On the latest episode of We’d Like A Word, Paul and Stevyn chat to children’s author Serena Patel about her new book Anisha: Accidental Detective (excellently illustrated by Emma McCann). Books for children and young adults are as popular as ever so we talk about how to write for a younger audience and Serena’s dramatic life story and how it shaped her character (and the character of her book’s hero, Anisha). She also reads from her book and talks about her childhood experiences of racism, homelessness and being bullied. We also hear about the detective books she read as a child and the inspirational British Asians she looked up to.
We also go behind the scenes of children’s book promotion with freelancer Fritha Lindqvist (who helped Cressida Cowell train her dragon). Fritha also tells us about the various campaigns that exist to get children reading and learning from stories (see links below).
And in the second of an occasional series of bookshop visits, Paul goes to the beautiful Daunt Books in Marylebone High Street to chat to bookseller Rose Cole & book lovers from the USA.
Go listen now! Click here or find us on iTunes, Spotify, Google podcasts or wherever good podcasts lurk.
National Literacy Trust
The NLT are an independent charity dedicated to giving disadvantaged children the literacy skills they need to succeed. They work to improve the reading, writing, speaking and listening skills in the UK’s poorest communities, where one in three people have literacy problems. Because low literacy is inter-generational, they focus their work on families, young people and children. They help to transform lives through literacy and have stacks of research that shows that reading for pleasure has a significant impact on a child’s future socio-economic chances. Encouraging and nurturing reading for pleasure benefits the whole economy and country.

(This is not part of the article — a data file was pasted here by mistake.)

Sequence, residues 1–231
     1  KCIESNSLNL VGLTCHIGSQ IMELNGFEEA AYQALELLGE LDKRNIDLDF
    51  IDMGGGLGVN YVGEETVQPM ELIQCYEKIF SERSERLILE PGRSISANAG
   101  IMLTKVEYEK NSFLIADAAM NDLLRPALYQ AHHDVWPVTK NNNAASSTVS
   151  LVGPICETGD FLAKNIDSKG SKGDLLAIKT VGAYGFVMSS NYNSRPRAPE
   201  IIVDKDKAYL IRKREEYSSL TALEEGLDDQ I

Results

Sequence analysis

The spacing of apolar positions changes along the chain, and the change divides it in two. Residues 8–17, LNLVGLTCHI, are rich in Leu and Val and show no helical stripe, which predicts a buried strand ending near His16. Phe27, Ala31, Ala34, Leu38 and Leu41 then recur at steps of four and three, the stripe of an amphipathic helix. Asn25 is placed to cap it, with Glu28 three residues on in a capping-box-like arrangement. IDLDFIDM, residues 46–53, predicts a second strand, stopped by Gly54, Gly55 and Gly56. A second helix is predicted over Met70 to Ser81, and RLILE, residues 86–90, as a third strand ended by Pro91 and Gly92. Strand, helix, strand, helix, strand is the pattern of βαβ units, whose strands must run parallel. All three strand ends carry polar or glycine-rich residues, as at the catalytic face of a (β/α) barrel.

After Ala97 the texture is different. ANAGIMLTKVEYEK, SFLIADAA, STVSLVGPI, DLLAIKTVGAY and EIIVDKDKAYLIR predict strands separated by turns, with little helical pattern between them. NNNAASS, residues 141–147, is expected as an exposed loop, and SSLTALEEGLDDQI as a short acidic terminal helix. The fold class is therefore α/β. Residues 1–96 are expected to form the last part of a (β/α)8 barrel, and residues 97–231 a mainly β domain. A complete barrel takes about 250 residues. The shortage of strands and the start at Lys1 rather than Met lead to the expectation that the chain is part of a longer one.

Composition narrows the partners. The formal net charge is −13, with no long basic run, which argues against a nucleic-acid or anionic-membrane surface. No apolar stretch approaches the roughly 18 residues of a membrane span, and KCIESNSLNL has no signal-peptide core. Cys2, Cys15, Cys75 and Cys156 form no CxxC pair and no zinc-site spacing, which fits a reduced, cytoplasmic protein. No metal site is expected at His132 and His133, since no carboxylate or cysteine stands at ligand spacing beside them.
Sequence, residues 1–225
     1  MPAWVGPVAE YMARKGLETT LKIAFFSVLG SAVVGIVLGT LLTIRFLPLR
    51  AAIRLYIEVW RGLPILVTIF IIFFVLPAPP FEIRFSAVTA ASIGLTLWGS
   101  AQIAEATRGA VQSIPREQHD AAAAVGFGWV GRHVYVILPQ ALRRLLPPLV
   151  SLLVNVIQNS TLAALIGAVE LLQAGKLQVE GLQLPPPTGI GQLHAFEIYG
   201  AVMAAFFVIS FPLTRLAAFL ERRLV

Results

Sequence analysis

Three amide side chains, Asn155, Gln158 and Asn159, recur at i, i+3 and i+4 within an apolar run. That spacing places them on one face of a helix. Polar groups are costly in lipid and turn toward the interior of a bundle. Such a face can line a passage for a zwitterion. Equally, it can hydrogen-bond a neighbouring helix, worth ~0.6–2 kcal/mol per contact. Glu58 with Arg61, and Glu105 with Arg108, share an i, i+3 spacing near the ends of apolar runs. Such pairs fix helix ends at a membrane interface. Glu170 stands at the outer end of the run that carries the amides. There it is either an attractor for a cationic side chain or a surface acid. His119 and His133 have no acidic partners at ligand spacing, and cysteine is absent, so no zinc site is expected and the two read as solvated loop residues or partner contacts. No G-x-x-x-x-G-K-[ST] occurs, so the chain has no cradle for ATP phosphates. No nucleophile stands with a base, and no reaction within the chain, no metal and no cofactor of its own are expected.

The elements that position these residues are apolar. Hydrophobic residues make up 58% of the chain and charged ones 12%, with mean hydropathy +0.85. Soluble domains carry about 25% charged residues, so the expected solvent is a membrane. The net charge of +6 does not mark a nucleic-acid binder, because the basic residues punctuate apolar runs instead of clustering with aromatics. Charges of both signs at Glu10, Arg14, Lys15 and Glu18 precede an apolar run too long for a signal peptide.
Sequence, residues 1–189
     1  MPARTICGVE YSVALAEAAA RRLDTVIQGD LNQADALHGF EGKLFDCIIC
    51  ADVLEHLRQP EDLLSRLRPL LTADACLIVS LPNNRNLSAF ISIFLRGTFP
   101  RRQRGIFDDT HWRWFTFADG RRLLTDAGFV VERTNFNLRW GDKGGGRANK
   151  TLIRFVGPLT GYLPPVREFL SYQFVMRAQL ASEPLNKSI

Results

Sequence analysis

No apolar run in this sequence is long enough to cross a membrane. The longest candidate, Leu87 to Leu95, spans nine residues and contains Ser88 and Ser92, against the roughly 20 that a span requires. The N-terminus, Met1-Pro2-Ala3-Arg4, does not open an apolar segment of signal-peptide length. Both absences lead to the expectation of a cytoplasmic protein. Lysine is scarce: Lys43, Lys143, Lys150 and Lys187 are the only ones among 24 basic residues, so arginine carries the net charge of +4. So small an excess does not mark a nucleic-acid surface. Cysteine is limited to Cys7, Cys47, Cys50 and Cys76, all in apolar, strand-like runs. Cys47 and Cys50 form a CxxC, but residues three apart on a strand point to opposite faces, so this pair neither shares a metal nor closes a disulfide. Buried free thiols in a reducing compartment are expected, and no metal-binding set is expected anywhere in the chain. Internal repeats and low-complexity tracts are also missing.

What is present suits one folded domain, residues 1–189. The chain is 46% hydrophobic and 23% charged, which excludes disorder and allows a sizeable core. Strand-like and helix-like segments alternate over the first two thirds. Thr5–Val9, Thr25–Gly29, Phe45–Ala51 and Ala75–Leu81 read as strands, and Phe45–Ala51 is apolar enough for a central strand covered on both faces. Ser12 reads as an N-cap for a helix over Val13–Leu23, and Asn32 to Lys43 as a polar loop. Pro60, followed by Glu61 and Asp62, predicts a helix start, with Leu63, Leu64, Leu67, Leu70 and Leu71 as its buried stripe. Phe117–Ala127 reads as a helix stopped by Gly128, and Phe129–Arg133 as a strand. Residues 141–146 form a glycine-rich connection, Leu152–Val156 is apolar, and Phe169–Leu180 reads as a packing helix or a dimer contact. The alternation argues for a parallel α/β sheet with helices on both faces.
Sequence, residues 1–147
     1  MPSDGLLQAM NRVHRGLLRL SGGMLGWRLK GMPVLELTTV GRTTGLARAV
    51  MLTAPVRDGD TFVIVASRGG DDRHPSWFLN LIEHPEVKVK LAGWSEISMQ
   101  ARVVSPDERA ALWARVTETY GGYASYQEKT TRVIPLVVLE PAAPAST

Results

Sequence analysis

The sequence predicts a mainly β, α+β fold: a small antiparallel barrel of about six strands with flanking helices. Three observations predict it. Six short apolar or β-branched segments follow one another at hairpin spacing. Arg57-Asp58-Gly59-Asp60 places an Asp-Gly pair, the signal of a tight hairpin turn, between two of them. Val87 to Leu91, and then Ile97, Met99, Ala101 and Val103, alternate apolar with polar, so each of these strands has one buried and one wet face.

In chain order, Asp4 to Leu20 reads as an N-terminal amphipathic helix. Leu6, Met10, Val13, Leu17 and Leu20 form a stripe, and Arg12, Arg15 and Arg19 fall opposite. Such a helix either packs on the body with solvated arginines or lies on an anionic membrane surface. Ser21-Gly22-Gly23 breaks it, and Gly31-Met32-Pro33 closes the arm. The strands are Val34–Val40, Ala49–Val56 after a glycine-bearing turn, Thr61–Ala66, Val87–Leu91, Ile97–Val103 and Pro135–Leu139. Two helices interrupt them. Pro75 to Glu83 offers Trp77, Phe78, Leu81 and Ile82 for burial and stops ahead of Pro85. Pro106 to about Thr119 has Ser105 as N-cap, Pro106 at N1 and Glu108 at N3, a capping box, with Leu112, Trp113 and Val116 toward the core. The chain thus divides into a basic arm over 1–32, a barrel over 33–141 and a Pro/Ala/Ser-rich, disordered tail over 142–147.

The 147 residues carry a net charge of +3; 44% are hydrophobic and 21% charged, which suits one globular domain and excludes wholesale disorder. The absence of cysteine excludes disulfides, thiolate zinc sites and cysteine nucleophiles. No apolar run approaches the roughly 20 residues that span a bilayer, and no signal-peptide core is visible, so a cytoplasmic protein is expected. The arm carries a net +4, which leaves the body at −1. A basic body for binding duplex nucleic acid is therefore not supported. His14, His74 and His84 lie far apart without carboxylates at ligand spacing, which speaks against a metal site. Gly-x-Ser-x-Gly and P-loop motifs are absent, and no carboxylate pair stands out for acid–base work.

More information here
The current Waterstones Children’s Laureate is Cressida Cowell author of the How to Train your Dragon books. Her laureate charter is a powerful ten point action plan that champions the creativity, intelligence and empathy skills reading books nurtures. It’s a call to action for all of us to realise the magic of reading for everyone. You can download the charter here
EmpathyLab is the first organisation to build children’s empathy, literacy and social activism through a systematic use of high quality literature. Their strategy builds on new scientific evidence showing the power of reading to build real-life empathy skills. They believe that empathy is a beacon of hope in a divided world. They produce an annual Read for Empathy book collection and run an annual Empathy Day to shine a light on the power of reding to build empathy – it’s in 9 June this year.
More information here